FOLATE-RESPONSIVE DYSGENESIS

Project: Research project

Description

The objective of the proposed studies is to demonstrate the central role of the folate receptor (FR) in regulation of transfer of maternal folates across the placenta and of normal embryogenesis. Abnormal regulation of FR may be established as a cause for dysgenesis of the developing embryo, in particular the production of neural tube defects and abnormalities of neural crest cells. Since these cells undergo bursts of proliferation, the FR-regulated transfer of folate to the placenta is essential to their development. Five specific aims are proposed. First, the PI will determine whether the expression of FR in mouse neural crest cells correlate with bursts of cellular proliferation by a) demonstrating effects of arrested proliferation in conjunction with antifolate methotrexate at 12-hour intervals; and b) correlating these results with changes in FR expression by immunohistochemistry and in situ hybridization. Second, the PI will determine whether in vivo folate deficiency induces up regulation of FR in placenta and tissues on gestation day 17 using folate-deficient or folate-replete diets. Approaches to FR expression in the placenta and tissues will include Northern and Western blots to study transcriptional and post-translational events as well as nuclear run-on studies of transcription of FR. Folate deficiency will be monitored by folate and homocysteine measurements. Fetal tissues will be evaluated by immunohistochemistry and in situ hybridization. Third, a series of experiments are proposed to determine whether sustained quenching of placental FR during maternal folate deficiency using antisense FR will adversely affect placental proliferation and result in fetal growth retardation. These studies will use liposomes engineered to deliver antisense FR cDNA incorporated in a placenta specific promoter at two time points, gestational days 8 and 16. Fourthly, his group will determine whether the interaction of a specific human 43-kDa trans-factor liver protein with the cis-element in the 5'-UTR of FR is identical in the mouse model. These studies will involve isolation and purification of the trans-factor protein from mouse placenta and characterization of its function using specific antibody. They will extend previous observations that homocysteine (Hcy) is a mediator of the trans - cis interaction. These experiments will use both gel shift assays with placental slices and large (500-100 mM) concentrations of Hcy. Fifthly, the group will measure the interaction of the cis and trans elements in ex vivo mouse fetal culture. This will be achieved by a complex strategy of molecular cloning of the mouse trans factor and determining concordance of its expression with FR in mouse fetal tissues. Also they will evaluate the effect of down-regulation of FR expression by antisense oligonucleotides to both the cis and the trans elements.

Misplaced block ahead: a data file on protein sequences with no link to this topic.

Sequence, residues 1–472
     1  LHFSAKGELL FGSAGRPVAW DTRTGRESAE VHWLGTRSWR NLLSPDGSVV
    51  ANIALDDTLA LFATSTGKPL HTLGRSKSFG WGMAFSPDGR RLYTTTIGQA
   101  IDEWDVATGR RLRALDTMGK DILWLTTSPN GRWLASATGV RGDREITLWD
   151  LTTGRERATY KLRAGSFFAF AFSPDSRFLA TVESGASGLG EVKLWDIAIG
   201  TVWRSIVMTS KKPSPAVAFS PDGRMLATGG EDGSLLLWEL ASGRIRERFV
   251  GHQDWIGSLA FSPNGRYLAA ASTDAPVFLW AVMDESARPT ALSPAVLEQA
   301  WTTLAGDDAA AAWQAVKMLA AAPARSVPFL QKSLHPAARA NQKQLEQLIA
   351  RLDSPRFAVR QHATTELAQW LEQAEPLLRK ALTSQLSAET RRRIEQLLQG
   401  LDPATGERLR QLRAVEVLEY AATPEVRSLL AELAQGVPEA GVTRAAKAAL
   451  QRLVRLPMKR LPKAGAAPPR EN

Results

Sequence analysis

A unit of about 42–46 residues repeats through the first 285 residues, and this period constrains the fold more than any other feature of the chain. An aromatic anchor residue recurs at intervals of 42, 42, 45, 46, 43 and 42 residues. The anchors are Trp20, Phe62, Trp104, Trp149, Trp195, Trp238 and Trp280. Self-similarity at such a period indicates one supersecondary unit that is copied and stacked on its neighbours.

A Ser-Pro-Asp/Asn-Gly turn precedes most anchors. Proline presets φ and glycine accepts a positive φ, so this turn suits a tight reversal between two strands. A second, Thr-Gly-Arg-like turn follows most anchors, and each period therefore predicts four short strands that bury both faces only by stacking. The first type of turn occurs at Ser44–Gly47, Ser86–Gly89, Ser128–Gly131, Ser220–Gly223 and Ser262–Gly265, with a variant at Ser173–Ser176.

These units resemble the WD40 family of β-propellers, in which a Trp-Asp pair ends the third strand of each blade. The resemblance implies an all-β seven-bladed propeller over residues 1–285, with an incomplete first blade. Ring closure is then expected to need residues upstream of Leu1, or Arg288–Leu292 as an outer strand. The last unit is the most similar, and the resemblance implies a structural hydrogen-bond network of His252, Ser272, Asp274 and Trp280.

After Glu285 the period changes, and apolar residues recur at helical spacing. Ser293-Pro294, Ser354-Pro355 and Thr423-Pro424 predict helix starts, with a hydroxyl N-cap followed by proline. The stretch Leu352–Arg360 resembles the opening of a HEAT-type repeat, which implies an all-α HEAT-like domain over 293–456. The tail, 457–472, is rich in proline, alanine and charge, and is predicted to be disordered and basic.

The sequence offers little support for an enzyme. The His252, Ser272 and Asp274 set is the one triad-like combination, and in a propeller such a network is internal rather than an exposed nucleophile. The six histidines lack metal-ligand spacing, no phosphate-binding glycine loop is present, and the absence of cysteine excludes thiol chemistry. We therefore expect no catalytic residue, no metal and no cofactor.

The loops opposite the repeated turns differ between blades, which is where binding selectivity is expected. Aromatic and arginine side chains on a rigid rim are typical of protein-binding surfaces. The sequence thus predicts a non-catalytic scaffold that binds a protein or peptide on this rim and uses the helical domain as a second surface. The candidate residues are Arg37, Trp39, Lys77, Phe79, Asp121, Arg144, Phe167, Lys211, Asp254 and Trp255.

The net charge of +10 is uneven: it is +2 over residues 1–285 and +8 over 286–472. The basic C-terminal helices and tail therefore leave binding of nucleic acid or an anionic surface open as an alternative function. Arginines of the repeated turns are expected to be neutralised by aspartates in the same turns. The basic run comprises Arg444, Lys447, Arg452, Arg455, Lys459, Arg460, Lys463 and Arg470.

StatusFinished
Effective start/end date9/1/006/30/06

Funding

  • National Institutes of Health: $234,675.00
  • National Institutes of Health: $263,878.00
  • National Institutes of Health: $234,675.00
  • National Institutes of Health: $234,675.00
  • National Institutes of Health: $234,675.00

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Folic Acid
Placenta
Homocysteine
Neural Crest
Folate Receptor 2
In Situ Hybridization
Fetus
Immunohistochemistry
Mothers
Folic Acid Antagonists
Fetal Growth Retardation
Neural Tube Defects
Antisense Oligonucleotides
5' Untranslated Regions
Molecular Cloning

ASJC

  • Medicine(all)